Crime Library: Criminal Minds and Methods

The Life and Mysterious Death of Karen Silkwood


Karen Silkwood (inset), Silkwood's car after the accident
Karen Silkwood (inset), Silkwood's car after the accident

It was 7:30 p.m. on November 13, 1974, and driver James Mullins was driving down Highway 74, from Oklahoma City, Okla., toward the neighboring small town of Crescent. He caught a glimpse of a car on the side of the road, crashed in a ditch.

He pulled over his truck and got out. A small white Honda was smashed to bits, the front and left side of the car crunched like a soda can. A woman, motionless, was slumped over, one arm hanging over the side of the window. Her purse and a novel she had been reading—covered with blood—had flown out of the car and lay stuck in the mud.

Mullins noticed a paycheck, too: Kerr-McGee, the energy company with a nuclear plant located just a mile down the road.

This was not just any car crash. And the woman wasn't any accident victim. She was Karen Silkwood, who in death became one of the most famous whistleblowers in history. She would be portrayed by her generation's most famous actress, Meryl Streep, in an eponymous Academy Award-nominated movie; numerous books, magazine articles, newspaper stories, documentaries, would be dedicated to uncovering the mystery around her car crash.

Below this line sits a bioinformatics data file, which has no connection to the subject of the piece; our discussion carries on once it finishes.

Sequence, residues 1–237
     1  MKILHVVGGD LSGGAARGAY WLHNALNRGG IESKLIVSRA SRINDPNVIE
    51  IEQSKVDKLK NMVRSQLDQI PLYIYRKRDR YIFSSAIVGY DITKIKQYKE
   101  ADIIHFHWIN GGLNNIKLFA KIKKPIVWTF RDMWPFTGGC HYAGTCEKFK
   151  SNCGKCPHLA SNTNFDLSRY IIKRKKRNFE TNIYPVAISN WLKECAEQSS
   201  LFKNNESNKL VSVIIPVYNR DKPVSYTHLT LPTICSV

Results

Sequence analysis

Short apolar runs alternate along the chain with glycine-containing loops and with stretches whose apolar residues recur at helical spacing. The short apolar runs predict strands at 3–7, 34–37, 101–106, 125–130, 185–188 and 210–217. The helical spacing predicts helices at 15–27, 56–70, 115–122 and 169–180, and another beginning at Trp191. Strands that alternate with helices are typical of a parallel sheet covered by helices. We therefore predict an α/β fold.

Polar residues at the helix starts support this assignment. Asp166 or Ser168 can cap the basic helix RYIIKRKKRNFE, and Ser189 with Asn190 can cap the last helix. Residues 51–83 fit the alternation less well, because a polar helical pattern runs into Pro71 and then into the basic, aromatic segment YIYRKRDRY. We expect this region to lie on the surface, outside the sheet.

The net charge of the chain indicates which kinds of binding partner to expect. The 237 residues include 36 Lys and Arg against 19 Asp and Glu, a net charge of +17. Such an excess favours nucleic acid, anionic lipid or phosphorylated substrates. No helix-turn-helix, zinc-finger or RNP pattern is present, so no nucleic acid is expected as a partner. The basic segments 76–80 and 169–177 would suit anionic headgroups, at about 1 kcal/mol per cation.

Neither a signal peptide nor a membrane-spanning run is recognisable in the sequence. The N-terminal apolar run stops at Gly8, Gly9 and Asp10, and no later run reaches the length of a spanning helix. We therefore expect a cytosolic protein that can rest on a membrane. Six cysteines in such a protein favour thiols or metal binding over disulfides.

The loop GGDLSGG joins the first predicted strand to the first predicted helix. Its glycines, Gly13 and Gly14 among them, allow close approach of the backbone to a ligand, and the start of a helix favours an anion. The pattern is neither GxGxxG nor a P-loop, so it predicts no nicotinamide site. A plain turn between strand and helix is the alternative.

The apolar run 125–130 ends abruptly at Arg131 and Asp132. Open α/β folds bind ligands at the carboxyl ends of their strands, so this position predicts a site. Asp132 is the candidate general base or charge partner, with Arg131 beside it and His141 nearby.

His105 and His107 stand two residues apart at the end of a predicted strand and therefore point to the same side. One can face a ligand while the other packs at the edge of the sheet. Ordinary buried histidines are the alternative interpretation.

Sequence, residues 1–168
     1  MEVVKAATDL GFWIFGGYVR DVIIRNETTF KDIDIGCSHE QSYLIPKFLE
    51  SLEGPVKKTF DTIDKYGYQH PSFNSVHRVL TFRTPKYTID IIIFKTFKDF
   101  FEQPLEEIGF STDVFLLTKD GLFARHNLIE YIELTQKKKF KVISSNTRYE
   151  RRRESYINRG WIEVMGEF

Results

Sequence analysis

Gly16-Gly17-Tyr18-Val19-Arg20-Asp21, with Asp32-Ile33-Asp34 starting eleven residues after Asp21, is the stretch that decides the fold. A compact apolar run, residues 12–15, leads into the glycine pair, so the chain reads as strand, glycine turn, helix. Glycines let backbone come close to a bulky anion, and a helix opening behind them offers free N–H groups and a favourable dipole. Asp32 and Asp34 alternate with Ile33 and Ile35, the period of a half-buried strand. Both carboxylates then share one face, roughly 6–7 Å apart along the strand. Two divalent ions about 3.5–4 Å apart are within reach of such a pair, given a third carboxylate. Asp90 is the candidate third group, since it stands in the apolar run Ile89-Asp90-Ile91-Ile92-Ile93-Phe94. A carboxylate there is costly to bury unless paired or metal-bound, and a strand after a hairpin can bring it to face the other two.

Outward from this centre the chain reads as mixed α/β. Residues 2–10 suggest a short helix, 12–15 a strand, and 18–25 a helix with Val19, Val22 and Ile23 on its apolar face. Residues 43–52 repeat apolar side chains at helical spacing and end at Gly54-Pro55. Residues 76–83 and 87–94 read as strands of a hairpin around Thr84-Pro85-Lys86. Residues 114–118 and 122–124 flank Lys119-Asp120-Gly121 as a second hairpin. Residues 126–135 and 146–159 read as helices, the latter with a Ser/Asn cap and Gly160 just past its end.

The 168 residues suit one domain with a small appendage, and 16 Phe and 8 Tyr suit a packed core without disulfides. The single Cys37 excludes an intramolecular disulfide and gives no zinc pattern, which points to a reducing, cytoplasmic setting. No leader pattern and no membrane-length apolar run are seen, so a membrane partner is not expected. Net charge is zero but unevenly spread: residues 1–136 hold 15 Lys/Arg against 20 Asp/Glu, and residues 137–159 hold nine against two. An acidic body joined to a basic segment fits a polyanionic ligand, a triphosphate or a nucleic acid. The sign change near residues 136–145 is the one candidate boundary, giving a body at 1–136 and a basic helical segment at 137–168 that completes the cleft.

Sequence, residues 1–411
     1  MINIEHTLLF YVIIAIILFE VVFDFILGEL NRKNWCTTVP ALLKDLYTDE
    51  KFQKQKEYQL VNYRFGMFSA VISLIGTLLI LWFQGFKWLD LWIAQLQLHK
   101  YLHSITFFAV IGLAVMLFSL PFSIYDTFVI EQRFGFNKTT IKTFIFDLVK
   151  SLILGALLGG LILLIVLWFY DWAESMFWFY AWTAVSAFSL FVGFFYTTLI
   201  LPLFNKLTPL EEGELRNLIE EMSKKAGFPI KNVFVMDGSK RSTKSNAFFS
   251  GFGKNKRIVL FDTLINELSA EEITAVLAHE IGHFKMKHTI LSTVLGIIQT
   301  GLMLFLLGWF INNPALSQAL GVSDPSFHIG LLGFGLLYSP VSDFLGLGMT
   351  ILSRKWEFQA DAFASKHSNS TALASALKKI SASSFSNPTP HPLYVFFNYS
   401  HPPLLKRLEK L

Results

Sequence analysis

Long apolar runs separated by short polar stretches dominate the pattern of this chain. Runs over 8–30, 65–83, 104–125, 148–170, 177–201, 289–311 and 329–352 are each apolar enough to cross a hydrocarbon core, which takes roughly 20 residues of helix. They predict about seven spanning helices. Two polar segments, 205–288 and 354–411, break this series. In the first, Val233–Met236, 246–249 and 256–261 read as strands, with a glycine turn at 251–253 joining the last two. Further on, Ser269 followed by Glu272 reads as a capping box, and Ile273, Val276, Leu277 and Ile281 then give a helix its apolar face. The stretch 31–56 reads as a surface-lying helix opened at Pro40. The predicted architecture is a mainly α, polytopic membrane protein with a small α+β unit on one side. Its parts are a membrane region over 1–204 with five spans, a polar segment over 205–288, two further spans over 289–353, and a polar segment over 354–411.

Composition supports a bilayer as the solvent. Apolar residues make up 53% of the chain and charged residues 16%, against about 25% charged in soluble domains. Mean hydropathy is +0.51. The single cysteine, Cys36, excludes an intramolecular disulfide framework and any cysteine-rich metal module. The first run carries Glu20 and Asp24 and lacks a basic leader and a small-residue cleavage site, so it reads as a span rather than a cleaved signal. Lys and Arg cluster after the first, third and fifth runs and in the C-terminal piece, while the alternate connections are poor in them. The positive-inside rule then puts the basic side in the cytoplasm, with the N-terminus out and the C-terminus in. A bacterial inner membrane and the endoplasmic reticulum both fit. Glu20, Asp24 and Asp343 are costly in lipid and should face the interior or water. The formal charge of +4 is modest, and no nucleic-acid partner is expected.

Her death, on the surface, appeared to be a simple fell-asleep-at-the-wheel car crash. There were traces of Quaaludes in her blood stream, and more pills were found in her stomach, ready to dissolve. Marijuana cigarettes were found in her pocket. To the Oklahoma police, it was easy to file it as an accident, an open-and-shut case.

But because Silkwood had been collecting allegations about the health and safety conditions at the Kerr-McGee plant, where she worked, for several months, because she had just been so seriously contaminated herself that her home had been stripped of all possessions due to the radiation exposure, and because at the time of the crash she had been on her way to meet a reporter from The New York Times, allegedly armed with a manila envelope stuffed with evidence of corporate misconduct, the official conclusion was doubted by everyone who knew Silkwood personally.

Though she was hailed as a hero posthumously, in real life, she was a seemingly ordinary woman, fighting for her fellow workers health and safety, an unlikely hero who unwittingly found martyrdom.

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